Scientists Create First-Antibiotic Free Drug
The first-ever antibiotic-free drug has been developed, a new study reported. According to the team of scientists, the drug could potentially be used to treat the methicillin-resistant staphylococcus aureus (MRSA) superbug.
The scientists from Micreos, a Dutch biotech company, reported using this new drug, called Staphefket, to cure five out of six patients with MRSA skin infections. In this small trial, the researchers had only recruited patients who had eczema, contact dermatitis and other kinds of skin problems. The team also tested the drug on 36 strains of bacteria with eight of them being MRSA.
"It's a new molecule designed from fragments that already exist in nature," said Br Bjorn Herpers, a clinical microbiologist involved in the trial, reported by Forbes. "The results are exciting, and demonstrate the potential this technology has to revolutionize the way we treat certain bacterial infections."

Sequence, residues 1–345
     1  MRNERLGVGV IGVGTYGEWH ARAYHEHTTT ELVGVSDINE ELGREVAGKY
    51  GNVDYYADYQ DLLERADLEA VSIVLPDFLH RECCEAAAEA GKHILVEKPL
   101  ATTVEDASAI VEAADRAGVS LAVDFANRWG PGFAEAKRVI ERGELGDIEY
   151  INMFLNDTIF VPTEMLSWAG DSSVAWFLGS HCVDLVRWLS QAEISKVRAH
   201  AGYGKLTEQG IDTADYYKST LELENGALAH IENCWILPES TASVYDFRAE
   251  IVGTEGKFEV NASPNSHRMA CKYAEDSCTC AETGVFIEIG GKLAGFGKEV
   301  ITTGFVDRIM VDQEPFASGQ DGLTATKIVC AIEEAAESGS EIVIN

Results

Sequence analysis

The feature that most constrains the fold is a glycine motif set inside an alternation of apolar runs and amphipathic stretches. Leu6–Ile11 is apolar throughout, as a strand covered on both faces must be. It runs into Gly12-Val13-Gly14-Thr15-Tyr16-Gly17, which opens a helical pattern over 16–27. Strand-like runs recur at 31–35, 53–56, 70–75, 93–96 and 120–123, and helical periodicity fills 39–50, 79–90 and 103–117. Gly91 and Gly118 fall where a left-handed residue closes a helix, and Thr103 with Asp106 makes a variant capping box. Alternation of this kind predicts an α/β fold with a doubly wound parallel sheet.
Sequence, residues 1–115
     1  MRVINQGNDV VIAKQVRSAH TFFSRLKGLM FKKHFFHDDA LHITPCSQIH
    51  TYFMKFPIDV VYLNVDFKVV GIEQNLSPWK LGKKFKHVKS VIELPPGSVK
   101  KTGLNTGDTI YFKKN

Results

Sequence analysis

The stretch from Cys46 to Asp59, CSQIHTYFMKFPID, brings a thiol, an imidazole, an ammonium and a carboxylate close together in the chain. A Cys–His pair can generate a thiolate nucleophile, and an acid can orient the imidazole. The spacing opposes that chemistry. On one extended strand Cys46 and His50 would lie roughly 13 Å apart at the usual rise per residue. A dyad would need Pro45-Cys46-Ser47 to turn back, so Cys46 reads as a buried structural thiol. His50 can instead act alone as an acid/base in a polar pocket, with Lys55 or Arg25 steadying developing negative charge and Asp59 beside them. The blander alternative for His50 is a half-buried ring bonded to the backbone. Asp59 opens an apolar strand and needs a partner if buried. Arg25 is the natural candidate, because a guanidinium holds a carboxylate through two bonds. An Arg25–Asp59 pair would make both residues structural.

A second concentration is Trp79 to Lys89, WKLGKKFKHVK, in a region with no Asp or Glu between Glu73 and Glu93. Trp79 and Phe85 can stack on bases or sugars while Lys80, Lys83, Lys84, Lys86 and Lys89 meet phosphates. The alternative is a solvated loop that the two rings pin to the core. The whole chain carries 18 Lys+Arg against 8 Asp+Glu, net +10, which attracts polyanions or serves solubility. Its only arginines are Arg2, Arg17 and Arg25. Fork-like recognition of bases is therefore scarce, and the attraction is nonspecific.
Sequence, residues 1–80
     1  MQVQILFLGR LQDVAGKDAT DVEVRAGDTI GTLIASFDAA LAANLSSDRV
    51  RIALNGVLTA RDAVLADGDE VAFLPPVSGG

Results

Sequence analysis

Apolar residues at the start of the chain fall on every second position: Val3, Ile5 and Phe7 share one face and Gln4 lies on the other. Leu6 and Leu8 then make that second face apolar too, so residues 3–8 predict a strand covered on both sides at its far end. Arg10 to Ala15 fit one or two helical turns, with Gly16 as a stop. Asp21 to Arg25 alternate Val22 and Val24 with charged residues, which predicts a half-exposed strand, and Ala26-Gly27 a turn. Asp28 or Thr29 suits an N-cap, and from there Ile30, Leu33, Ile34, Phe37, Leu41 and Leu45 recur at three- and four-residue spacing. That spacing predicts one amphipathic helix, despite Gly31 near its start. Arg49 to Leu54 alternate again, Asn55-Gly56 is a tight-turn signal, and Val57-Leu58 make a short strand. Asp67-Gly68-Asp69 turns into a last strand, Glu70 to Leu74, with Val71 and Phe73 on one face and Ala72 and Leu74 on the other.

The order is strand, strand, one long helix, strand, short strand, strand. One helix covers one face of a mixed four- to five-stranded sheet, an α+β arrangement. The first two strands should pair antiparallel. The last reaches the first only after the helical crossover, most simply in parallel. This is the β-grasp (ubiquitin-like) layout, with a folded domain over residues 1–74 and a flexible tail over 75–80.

Staphefket works by latching on to the outer wall of the bacteria cell. With the help of an enzyme called endolysins, the drug causes the cell wall to degrade, which ends up killing the bacteria. The scientists believe that since endolysins tend to evolve with the bacteria, unlike antibiotics, the bacteria will have a harder time adjusting and adapting, which would lower their likelihood of developing resistance. The development of antibiotic strains occurred when bacteria evolved and developed thicker outer membranes that could no longer be penetrated by antibiotics.
"With the introduction of Staphefekt, we enter a new era in the fight against antibiotic resistant bacteria, targeting only the unwanted bacteria," said Mark offerhaus, the chief executive of Micreos. "This is a far more logical and elegant approach."
The research was presented at the Antibiotic Alternatives for the New Millennium conference in London.